Background: Biological factors are known to influence disease trajectories and treatment effectiveness in alcohol addiction and preclinical and clinical evidence suggests that sex is an important factor influencing disease dynamics in alcohol dependence. Another critical factor is age at first intoxicating drink, which has been identified as a risk factor for later alcohol binging. Preclinical research allows prospective monitoring of rodents throughout the lifespan, providing very detailed information that cannot be acquired in humans. Lifetime monitoring in rodents can be conducted under highly controlled conditions, during which one can systematically introduce multiple biological and environmental factors that impact behaviors of interest.
Methods: Here, we used the alcohol deprivation effect (ADE) rat model of alcohol addiction in a computerized drinkometer system, acquiring high-resolution data to study changes over the course of addictive behavior as well as compulsive-like drinking in cohorts of adolescent vs. adult as well as male vs. female rats.
Results: Female rats drank more alcohol than male rats during the whole experiment, drinking much more weak alcohol (5%) and similar amounts of stronger alcohol solutions (10%, 20%); female rats also consumed more alcohol than male rats during quinine taste adulteration. Increased consumption in females compared to males was driven by larger access sizes of alcohol. Differences in circadian patterns of movement were observed between groups. Early age of onset of drinking (postnatal day 40) in male rats had surprisingly little impact on the development of drinking behavior and compulsivity (quinine taste adulteration) when compared to rats that started drinking during early adulthood (postnatal day 72).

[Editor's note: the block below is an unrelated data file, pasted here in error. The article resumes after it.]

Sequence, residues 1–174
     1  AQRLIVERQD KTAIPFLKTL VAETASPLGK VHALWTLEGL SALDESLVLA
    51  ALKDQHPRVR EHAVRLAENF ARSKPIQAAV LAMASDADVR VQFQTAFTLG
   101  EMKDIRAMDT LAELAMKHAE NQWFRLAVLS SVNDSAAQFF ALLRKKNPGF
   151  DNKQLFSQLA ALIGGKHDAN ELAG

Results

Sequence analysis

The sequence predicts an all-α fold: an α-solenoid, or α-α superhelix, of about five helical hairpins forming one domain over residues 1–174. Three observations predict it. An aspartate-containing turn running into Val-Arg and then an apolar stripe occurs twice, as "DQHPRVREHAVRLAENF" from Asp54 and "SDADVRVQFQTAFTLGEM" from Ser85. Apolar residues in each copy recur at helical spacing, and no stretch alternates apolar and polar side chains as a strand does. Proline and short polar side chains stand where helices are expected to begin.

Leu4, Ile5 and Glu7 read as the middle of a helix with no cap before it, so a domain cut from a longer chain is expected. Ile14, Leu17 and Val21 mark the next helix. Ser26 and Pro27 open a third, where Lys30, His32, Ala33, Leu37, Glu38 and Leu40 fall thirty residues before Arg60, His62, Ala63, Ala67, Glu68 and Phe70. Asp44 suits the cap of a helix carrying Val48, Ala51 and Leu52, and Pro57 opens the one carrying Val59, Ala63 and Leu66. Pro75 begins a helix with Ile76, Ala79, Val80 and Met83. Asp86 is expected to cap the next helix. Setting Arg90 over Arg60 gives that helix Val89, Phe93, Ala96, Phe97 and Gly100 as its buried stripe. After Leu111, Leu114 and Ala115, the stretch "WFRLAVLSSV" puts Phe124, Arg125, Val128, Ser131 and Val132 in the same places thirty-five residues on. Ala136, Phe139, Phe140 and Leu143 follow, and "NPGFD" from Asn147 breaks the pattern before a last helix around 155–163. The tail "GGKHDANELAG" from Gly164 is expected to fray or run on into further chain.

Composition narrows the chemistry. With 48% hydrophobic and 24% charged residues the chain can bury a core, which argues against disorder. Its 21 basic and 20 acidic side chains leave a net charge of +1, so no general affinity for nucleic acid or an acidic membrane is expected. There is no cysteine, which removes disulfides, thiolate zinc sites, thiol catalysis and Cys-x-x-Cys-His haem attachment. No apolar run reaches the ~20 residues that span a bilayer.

Conclusions: Our results suggest that there are sex-specific drinking patterns, not only in terms of total amount consumed, but specifically in terms of solution preference and access size. These findings provide a better understanding of sex and age factors involved in the development of drinking behavior, and can inform the preclinical development of models of addiction, drug development and exploration of options for new treatments.
Keywords: Addiction research; Age differences; Alcohol deprivation effect; Compulsive drinking; Quinine taste adulteration; Sex differences.
Various factors can influence the development of alcohol addiction, but studying these factors in humans over the long-term is challenging and costly. With modern sensing technologies, rodents can be monitored throughout the lifespan, providing detailed information obtained under controlled conditions. Previous research suggests sex- and age-dependent differences in addiction processes, with female rats consuming more alcohol and age at first drink resulting in heavier later consumption, but a better characterization of these is needed. Using a rodent model of addiction and relapse, collecting high-resolution longitudinal drinking data in a computerized system over ~ 11 months, we studied differences in the development of addiction and compulsive-like drinking in male vs female as well as adult vs adolescent rats. Female rats drank more alcohol than male rats during the whole experiment, drinking much more weaker alcohol (5%) and similar amounts of stronger alcohol solutions (10%, 20%); female rats also consumed more alcohol than male rats in an aversive taste challenge, displaying more compulsive-like drinking. Increased consumption in females compared to males was driven by larger amounts consumed per approach. Little effect of age of onset of drinking was observed. Our results suggest sex-specific differences in the development of drinking patterns and solution preference, not only in terms of total amount consumed. These findings highlight the importance of awareness of sex-specific factors when developing models of addiction, as well as eventual treatment strategies and interventions.
© 2023. The Author(s).